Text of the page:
Name: Diana Veras
Swank: Model and It Girl
Check out her Tumblr: MyNamesDiana
If you’re a teen that peruses Rookie or someone that spends (way too much) time on Tumblr or Instagram, then you most likely know Diana Veras, even if only by her face. With almost 25k followers on Twitter and double that on Instagram, the Dominiyorkian model is making a name for herself in the fashion world, both in front of the camera and on the runway. Here she talks about living in the fashion capital of the world, the oversexed environment that is American Apparel, and a really depressing book.
Mass Appeal: I’m sure you have a kick-ass story about being discovered.
Diana Veras: To be honest, it all went pretty fast. I was hanging out with a friend of mine at the time when he got casted at the COACD agency. I had sent some pictures in myself to COACD and at my callback I ended up being casted for the Chloë Sevigny x Opening Ceremony.
MA: How has the city influenced not only your personal style, but also your outlook on the fashion world as a whole? Are we still the fashion capital of the world?
DV: I mean, of course, we are the fashion capital of the world, there is no doubt about it. There are just so many different types of people, characters, and styles in New York City, so it is very easy to be inspired.
MA: Though American Apparel is your most consistent gig, you’ve also modeled for Rookie and the aforementioned Chloë Sevingy for Opening Ceremony. What’s next?
DV: I just take whatever comes my way as long as I actually like and support the brand. I do have a couple surprises coming though, so be on the look out!
MA: Usually when people think of models, the words “materialistic,” “superficial,” and “Blue Steel” come to mind. How do you challenge that stereotype?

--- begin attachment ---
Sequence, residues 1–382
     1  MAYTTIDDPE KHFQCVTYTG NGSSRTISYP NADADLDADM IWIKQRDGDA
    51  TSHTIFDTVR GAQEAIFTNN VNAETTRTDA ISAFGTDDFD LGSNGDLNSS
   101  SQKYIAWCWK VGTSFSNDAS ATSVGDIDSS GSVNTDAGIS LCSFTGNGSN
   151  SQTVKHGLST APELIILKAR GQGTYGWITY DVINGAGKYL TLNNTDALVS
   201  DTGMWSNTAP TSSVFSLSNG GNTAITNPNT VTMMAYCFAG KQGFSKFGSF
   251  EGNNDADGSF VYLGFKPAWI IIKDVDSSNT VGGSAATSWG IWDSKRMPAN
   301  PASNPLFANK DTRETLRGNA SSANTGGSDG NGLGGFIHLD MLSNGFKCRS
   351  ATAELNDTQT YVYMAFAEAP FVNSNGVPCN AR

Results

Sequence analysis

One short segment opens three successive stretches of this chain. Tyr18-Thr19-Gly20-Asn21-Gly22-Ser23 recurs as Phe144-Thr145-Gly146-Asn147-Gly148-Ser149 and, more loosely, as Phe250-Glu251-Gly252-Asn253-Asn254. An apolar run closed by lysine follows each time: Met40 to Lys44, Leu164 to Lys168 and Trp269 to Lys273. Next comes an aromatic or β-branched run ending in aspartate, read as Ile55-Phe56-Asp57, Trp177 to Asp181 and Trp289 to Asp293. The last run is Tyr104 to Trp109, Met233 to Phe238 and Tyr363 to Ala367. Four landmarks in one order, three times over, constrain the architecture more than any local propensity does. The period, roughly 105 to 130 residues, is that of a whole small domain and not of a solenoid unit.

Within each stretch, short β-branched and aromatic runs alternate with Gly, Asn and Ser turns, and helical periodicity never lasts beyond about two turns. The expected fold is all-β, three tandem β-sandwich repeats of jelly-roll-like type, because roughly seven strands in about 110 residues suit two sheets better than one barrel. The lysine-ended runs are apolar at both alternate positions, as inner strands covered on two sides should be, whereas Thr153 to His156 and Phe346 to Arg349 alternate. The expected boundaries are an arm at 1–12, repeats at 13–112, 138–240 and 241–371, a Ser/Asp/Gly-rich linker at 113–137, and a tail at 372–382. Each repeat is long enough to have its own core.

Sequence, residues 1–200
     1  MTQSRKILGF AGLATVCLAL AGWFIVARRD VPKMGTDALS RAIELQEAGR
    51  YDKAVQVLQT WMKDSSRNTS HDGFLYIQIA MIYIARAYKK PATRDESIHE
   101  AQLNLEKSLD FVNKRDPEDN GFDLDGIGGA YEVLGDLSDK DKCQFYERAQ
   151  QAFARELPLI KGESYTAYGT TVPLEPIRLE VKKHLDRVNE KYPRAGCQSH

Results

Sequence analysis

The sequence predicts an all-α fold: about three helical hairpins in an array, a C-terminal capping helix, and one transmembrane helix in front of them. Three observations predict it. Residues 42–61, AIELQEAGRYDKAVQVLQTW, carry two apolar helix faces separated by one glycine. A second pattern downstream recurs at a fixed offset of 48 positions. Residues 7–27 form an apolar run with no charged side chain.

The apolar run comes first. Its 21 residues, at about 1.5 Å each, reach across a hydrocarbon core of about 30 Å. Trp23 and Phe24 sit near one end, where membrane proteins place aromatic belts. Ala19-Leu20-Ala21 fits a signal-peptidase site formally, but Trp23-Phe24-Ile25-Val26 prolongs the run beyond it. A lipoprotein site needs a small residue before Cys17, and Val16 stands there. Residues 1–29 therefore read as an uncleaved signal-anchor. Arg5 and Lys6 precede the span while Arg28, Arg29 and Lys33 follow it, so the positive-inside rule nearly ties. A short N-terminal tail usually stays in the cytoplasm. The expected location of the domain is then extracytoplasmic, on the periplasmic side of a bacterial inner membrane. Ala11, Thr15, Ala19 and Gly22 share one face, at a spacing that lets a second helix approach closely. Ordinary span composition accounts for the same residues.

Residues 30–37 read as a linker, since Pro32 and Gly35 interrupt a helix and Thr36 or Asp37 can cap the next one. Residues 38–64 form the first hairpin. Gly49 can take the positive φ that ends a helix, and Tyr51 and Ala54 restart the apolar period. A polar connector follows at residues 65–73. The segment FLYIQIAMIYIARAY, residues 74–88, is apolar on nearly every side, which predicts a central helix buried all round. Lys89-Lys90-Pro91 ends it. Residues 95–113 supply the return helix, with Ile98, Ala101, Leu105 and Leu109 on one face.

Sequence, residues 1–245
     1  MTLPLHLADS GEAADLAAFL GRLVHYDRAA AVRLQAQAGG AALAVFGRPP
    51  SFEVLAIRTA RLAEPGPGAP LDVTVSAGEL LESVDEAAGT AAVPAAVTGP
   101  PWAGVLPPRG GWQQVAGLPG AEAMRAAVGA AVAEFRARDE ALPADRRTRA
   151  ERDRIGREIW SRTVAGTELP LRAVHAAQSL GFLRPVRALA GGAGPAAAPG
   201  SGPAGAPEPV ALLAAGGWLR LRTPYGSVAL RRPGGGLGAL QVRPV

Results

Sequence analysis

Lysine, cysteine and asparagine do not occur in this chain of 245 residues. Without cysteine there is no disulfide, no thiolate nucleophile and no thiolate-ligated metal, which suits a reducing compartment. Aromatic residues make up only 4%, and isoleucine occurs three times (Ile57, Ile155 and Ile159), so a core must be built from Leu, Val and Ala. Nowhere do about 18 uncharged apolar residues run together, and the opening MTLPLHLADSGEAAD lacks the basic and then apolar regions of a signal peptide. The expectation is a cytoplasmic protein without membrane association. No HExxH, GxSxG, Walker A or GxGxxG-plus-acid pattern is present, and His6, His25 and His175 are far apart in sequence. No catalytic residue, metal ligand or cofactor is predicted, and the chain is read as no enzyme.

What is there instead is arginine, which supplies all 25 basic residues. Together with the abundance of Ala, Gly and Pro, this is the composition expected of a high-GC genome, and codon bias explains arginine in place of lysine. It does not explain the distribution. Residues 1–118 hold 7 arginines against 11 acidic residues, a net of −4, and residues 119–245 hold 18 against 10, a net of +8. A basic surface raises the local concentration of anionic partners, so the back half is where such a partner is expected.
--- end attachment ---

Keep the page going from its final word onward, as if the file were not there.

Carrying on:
DV: I don’t really challenge it to be frank. There is a lot of that when it comes to modeling — it’s inescapable. You just have to remember where you come from, who you are, and not get caught up in the superficial glamour.
MA: If you had to describe your persona using only three words, what would they be?
DV: Annoying, effortless, witty.
MA: What’s the last book you read?
DV:The Catcher in the Rye by J.D. Salinger, so depressing.
MA: You have over 50,000 followers on Instagram ranging from young girls to kids our age who really look up to you. What advice would you give them in following their goals and aspirations?
DV: The only thing I would tell them is: BE YOURSELF. LOVE YOURSELF.
MA: What are your views on the übersexualization of women modeling for American Apparel?
DV: It highlights unconventional beauty. I don’t think people realize that the models are completely comfortable when they pose for these ads. The difference between American Apparel and all these other companies is that they don’t portray an unrealistic standard of beauty. People don’t understand that: they just view it from the surface.
MA: If there was one thing you could change about the treatment of women in the fashion world, what would it be and why?
DV: I just feel like the industry fails to portray a realistic standard of what a real woman looks like, so if I could, I would definitely change that.
MA: Finish this sentence: The biggest misconceptions about models are ________.
DV: That there is only one type of model. There are so many different types of models out there, not just those you see rocking the runway.
MA: What does the future hold in store for you aside from modeling?
DV: I have no idea, only time can tell.